This post appears here courtesy of the The Daily Wire
. The author of this post is Tim Pearce
Publisher's Note: This series of posts on this one issue - The Unprecedented FBI Raid of President Trump's Mar-a-Lago Estate - can all be found here on ENC NOW.
The Department of Justice (DOJ) released a heavily-redacted copy of its affidavit used to justify an FBI raid on former President Donald Trump's residence on Friday, eliciting mockery online for its lack of information.
Very little new information can be gleaned from the affidavit because of the extent of the blacked-out portions. In the 32-page affidavit, 11 pages are essentially completely redacted. Heavy and partial redactions cover more pages.
U.S. Magistrate Judge Bruce Reinhart had the DOJ submit a version of its affidavit to the court for potential release this week, allowing the department to make redactions to the document in order to protect its sources and methods while the FBI investigation into Trump continues. Reinhart agreed to the DOJ's redactions and unsealed parts of the affidavit Friday.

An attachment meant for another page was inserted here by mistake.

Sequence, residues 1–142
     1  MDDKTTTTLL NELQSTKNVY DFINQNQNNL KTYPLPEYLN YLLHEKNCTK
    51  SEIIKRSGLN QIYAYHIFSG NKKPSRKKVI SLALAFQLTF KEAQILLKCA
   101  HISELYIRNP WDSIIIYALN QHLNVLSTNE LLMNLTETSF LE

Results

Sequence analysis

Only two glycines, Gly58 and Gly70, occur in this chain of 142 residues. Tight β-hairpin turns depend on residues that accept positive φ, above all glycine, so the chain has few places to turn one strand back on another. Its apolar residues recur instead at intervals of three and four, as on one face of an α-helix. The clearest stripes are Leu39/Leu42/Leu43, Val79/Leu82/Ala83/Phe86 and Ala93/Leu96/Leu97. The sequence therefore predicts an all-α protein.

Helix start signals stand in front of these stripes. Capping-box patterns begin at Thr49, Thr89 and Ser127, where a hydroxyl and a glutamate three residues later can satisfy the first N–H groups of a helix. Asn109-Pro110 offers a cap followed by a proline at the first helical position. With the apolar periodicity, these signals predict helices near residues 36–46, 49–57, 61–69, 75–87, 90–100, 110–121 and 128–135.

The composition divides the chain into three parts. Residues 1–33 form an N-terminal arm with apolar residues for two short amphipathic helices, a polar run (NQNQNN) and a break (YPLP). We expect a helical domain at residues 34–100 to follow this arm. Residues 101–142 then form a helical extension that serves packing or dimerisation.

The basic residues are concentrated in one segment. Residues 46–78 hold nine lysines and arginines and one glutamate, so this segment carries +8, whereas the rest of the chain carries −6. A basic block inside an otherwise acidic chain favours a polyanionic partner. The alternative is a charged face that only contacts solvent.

Former President Donald Trump released a statement ripping the affidavit and accusing the FBI and DOJ of "public relations subterfuge."
"Affidavit heavily redacted!!! Nothing mentioned on 'Nuclear,' a total public relations subterfuge by the FBI & DOJ, or our close working relationship regarding document turnover - WE GAVE THEM MUCH,"
Trump posted on Truth Social.
Trump also attacked Reinhart: "Judge Bruce Reinhart should NEVER have allowed the Break-In of my home. He recused himself two months ago from one of my cases based on his animosity and hatred of your favorite President, me. What changed? Why hasn't he recused himself on this case? Obama must be very proud of him right now!"
The FBI raided Trump's residence at Mar-a-Lago, his Florida resort, on August 8. Republicans and critics immediately demanded to know the justification underlying the unprecedented raid, with many asserting that a search for confidential documents would not be enough. Amid the firestorm of criticism, The Washington Post reported on August 11 that the FBI search was in part to locate "[c]lassified documents relating to nuclear weapons,"
citing "people familiar with the investigation."
Others online mocked the FBI's liberal use of redactions throughout the affidavit. In addition to the affidavit, the court also unsealed a government memo explaining its reasons for the affidavit's redactions. That memo also drew mockery for its heavy redactions.